• Sarah

Is your team creating the right thing?

Updated: Nov 15, 2019

In our work we often see Product Managers and teams so focused on delivering features that they lose sight of the overarching problem they’re trying to solve. This leaves them endlessly building features but unsure if these features are actually having an impact or not. As a double whammy, senior management start doubting the team’s ability to deliver valuable product releases that meet the organisation’s goals and that customers positively respond to.

By including more product discovery into your product management process, your team and stakeholders will be able to deliver confident releases because they will have valuable intel that can be directed at solving real user problems.

Rapid delivery through rapid learning


Product discovery is the process you go through to prove or disprove which problems, or opportunities as we like to call them, should be solved before investing money and time in building them. Where as product delivery is the process of building and optimising a solution.


If the goal for delivery is to build fast, then the goal for discovery is the learn fast. You need to learn what works and what doesn’t BEFORE your team builds it.



Working this way creates a smarter product


The focus shifts to solving real user problems (not imagined ones)

Understanding what’s important to users will help identify opportunities to focus on. When the team has a deep understanding of the user’s real problems, they will provide regular insights into users behaviours, needs and interests.


Incremental understanding and alignment

Create alignment with your team by having a common goal and focusing on solving real user problems. When everyone is aligned to a desired outcome, they are able to continually tie back any decisions and thinking back to this common goal, meaning everyone is working to achieve this same outcome for the business.


Risk is reduced and money is saved

Spend less time building the wrong thing by running regular experiments and testing hypotheses before investing months of time and money on building unvalidated problems. Teams should be encouraged to fail early, so they quickly learn what’s working and what’s not. This will reduce the business risk of larger scale failures and once the product is built and released.


Decision-making becomes evidence based

By doing continuous discovery the team will generate evidence that demonstrates which problems to focus on and how these problems can be solved. This evidence then guides the team towards making good decisions and allows them to hone their efforts. It also generates valuable insights to share with management and stakeholders so they too can understand the reasoning and thinking behind the decisions made by the team.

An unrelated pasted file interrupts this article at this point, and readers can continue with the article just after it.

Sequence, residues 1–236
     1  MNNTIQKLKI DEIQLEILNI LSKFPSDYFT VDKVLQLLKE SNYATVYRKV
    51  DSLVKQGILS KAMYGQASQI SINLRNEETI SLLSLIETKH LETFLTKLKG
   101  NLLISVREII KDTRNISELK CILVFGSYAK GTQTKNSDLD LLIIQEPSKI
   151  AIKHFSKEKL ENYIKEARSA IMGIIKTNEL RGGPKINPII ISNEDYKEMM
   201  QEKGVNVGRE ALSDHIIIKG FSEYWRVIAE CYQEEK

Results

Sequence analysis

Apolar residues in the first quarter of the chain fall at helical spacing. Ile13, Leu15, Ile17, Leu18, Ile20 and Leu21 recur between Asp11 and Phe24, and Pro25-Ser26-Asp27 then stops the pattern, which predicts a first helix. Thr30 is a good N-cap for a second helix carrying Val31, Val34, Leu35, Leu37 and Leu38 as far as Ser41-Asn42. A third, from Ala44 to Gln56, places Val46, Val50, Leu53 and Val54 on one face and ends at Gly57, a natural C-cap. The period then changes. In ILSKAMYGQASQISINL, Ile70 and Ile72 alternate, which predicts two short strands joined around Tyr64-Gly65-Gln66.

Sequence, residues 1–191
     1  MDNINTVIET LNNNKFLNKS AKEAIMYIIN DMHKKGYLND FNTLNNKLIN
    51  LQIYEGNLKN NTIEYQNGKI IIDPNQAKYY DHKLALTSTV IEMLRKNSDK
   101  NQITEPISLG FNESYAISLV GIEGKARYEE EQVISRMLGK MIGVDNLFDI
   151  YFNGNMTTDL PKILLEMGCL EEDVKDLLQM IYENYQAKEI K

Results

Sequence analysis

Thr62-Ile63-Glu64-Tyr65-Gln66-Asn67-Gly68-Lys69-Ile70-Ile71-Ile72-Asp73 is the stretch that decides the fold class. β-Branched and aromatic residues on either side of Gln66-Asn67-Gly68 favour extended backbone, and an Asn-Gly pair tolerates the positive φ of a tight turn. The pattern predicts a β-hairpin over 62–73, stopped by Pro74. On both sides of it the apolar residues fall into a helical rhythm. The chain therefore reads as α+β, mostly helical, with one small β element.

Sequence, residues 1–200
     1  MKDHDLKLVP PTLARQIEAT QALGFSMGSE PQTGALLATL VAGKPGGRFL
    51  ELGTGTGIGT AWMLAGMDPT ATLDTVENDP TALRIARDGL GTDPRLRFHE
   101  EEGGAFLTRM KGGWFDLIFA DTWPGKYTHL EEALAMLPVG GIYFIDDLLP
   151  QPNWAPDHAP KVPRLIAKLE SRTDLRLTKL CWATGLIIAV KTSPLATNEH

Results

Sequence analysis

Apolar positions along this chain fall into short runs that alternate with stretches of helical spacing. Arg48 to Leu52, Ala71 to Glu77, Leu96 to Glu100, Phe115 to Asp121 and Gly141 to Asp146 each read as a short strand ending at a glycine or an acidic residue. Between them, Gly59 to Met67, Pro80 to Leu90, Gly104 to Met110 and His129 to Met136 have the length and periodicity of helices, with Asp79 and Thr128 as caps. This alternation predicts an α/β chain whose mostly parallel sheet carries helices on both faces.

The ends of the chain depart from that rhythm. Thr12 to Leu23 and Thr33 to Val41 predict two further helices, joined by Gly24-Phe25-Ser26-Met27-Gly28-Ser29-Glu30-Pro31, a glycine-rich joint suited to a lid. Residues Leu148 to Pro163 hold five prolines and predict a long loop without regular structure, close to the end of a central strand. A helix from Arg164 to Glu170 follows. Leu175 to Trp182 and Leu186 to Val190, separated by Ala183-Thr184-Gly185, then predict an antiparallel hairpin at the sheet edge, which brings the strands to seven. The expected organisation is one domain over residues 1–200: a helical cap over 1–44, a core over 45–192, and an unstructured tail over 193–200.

Photo by Randy Fath on Unsplash

Want to know more?

  • Melissa Perri is a speaker and author of The Build Trap. This book is one of our favourites to read this year. It’s succinct, easy to understand and focus' on what good looks.

  • I first saw Teresa Torres speak at the Mind The Product Conference in London where she introduced the Opportunity Solution Tree which is a visual aid to help teams with critical thinking as they move through the discovery process.

  • Jeff Patton, is delightful and super clever, his Product Owner 2 day course is not to be missed. It’s inspiring, unique and heaps of fun for aspiring Product people.


Sarah.


Next: How to build smarter products that customers like


Is your team struggling to deliver value?


At Product Space we love supporting organisations with digital products or services by working with them to improve and accelerate their product development process. We also work with product leaders, executives, product managers and teams to build product management skills and capability and establish best practice product process. If you are experiencing some sort of pain with your product development process, let's start a conversation hello@theproductspace.com


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